That this doctrine is the rule in California is clearly shown by Bank of California v. San Francisco, 142 Cal. 276, 64 L. R. A. 918, 100 Am. St. Rep. 130, 75 Pac. 832, for in that case the court, speaking of such elements of value as 'dividend or profit earning power, or good will,' said (p. 289, L. R. A. p. 924, Am. St. Rep. p. 141, Pac. p. 838):
The state banks and other corporations are assessed on their property. Conceding that every species of property is assessed which is specifically enumerated as taxable in the state Constitution, it does not follow that the assessment of property as such includes good will, dividend earning power, confidence in the ability of the management, and all those other intangible elements which necessarily enter into the cash or selling value of shares of stock. As said in the passage already quoted from the Pullman Case, 171 U.S. 138 , 43 L. ed. 108, 18 Sup. Ct. Rep. 808, such elements 'may enhance the value of the shares [of stock] in the market, yet [they] do not in fact increase the value of the actual property itself. They are matters of opinion upon which persons selling and buying the stock may have different views.' In the argument at bar no law of the state was referred to requiring that the assessing officers, in valuing the property of a corporation, should assess as property its good will, its dividend earning power, the confidence reposed in its officers, etc. From this analysis it results that in the one case, that of national banks, not only the value of all the tangible property, but also the value of all the intangible elements above referred to, is assessed and taxed, whilst in the other case, that of state banks and other moneyed corporations, their property is taxed, but the intangible elements of value which we have indicated are not assessed and taxed; the consequence being to give rise to the discrimination against national banks [197 U.S. 70, 82] and in favor of state banks and other moneyed corporations forbidden by the act of Congress.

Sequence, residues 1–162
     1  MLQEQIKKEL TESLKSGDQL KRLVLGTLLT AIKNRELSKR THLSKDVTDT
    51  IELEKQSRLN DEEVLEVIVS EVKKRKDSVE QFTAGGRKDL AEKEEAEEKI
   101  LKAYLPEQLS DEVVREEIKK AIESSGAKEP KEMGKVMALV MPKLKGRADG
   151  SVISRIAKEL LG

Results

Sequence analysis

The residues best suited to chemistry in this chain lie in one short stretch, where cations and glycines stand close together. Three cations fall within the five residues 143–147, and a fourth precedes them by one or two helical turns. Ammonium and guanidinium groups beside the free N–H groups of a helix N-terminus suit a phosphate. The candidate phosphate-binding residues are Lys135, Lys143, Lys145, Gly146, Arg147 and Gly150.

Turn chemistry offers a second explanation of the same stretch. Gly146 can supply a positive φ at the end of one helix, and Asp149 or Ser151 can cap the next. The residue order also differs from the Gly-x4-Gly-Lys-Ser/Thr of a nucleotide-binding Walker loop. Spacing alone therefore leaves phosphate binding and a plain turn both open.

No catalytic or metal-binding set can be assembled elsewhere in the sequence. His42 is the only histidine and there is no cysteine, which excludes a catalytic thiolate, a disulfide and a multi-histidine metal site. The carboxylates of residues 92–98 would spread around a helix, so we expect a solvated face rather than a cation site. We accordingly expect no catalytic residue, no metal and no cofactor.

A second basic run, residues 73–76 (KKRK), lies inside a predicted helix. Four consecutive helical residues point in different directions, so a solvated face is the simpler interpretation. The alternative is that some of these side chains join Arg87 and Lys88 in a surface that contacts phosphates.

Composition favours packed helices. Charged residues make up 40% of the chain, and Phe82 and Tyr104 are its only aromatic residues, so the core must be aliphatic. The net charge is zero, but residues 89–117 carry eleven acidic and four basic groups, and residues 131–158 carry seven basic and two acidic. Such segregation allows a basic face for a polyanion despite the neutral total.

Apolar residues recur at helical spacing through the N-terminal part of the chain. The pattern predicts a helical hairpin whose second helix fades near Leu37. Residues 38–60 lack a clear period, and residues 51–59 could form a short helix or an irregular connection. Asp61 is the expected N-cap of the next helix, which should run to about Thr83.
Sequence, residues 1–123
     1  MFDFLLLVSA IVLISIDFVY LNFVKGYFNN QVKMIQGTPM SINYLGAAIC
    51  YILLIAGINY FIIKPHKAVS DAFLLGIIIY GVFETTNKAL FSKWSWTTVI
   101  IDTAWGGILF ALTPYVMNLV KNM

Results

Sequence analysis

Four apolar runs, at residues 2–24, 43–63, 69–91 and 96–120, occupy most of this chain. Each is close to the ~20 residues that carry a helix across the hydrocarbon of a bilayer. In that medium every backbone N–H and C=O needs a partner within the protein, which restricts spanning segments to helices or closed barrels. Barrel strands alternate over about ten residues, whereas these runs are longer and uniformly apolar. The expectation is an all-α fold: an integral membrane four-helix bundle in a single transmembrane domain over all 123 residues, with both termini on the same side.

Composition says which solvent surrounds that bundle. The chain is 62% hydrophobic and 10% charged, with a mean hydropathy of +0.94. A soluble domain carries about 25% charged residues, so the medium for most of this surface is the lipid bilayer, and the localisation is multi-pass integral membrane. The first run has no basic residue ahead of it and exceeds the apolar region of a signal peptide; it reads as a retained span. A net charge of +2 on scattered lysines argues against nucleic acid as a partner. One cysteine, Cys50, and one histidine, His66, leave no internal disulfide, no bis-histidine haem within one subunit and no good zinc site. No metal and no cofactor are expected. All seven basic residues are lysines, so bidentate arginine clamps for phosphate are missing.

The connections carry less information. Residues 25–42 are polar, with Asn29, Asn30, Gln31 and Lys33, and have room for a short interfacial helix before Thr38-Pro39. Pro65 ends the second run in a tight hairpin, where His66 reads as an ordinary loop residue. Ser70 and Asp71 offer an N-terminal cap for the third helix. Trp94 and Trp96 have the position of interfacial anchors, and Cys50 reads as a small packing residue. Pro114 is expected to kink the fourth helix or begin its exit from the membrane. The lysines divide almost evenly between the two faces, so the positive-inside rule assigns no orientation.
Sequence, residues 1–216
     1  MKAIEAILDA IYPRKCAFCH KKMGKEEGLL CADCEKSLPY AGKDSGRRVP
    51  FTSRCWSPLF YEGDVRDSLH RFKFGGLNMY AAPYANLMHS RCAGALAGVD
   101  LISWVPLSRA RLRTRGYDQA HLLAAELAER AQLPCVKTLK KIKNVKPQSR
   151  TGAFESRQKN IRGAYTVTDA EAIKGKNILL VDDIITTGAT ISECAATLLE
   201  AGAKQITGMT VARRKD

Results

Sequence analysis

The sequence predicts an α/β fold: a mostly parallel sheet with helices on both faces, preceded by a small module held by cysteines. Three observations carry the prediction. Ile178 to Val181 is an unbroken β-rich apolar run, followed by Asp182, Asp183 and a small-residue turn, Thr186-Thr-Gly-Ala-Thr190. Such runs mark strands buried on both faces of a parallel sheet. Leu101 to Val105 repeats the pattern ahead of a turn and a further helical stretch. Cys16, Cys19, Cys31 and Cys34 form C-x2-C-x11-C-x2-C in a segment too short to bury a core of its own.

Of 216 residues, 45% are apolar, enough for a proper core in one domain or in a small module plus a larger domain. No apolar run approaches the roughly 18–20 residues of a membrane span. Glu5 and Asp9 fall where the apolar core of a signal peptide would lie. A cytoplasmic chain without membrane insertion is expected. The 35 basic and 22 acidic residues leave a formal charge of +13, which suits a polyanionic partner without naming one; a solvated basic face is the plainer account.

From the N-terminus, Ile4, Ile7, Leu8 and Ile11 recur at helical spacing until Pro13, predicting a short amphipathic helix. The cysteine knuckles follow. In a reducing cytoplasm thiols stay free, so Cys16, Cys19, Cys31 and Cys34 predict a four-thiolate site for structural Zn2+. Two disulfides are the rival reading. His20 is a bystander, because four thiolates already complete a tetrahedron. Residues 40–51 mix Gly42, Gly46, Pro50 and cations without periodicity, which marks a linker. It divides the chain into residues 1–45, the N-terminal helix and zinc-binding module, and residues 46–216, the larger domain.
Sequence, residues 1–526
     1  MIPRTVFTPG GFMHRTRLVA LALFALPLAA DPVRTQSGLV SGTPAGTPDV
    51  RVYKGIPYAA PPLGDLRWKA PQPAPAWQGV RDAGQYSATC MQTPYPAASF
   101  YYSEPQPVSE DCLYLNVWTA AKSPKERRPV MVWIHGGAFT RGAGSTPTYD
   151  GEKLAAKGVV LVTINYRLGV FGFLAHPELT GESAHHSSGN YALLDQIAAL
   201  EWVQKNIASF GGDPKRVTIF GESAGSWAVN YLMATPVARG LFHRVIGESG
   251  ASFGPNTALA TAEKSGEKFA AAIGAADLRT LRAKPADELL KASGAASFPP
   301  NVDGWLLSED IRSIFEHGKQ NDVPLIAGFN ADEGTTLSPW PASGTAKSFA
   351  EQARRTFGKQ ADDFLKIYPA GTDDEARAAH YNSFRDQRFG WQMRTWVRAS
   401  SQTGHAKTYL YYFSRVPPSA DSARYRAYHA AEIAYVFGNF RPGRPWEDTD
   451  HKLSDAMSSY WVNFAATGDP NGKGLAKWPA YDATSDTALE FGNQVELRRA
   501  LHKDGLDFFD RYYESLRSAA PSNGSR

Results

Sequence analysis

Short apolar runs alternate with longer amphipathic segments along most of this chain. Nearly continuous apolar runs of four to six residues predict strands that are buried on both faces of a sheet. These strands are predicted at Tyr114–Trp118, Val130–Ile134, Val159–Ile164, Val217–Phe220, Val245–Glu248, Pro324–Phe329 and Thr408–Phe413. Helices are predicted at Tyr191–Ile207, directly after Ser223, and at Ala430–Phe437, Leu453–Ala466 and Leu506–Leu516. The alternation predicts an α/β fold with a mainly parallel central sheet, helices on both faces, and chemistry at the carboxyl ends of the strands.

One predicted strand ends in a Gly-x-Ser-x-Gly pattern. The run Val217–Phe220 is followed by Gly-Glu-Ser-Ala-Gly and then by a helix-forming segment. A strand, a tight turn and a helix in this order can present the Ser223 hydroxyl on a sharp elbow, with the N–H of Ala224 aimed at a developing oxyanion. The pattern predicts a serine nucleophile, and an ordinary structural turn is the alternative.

In the argument at bar this conclusion, it is insisted, is avoided, because, whilst under the text of the state statutes it may be that all the elements of value which are included in the assessment of shares of stock are not eo nomine assessed against state banks and other moneyed corporations as property, they are, nevertheless, assessed against such corporations under the denomination of 'franchise,' the duty of the assessing officer to do so being imperative, as the result of the interpretation given to the taxing law by the supreme court of the state. The proposition is thus stated in the argument of counsel:
It may be conceded that, if the statutes have been interpreted by the supreme court of the state as thus asserted, and that, as so interpreted, they have been applied by the assessing officers, there would be an end to the discrimination which we have seen arises from the consideration of the result of the statutes when not so interpreted.
The question then is, Do the decisions of the supreme court of California, as contended, place the positive duty on the assessor of including in an assessment of the franchises of state corporations all the elements of value which form part of the market or selling value of shares of stock? [197 U.S. 70, 83] Three cases are cited to sustain the proposition, viz., San Jose Gas Co. v. January, 57 Cal. 614; Spring Valley Waterworks v. Schottler, 62 Cal. 69; and Bank of California v. San Francisco, 142 Cal. 276, 64 L. R. A. 918, 100 Am. St. Rep. 130, 75 Pac. 832.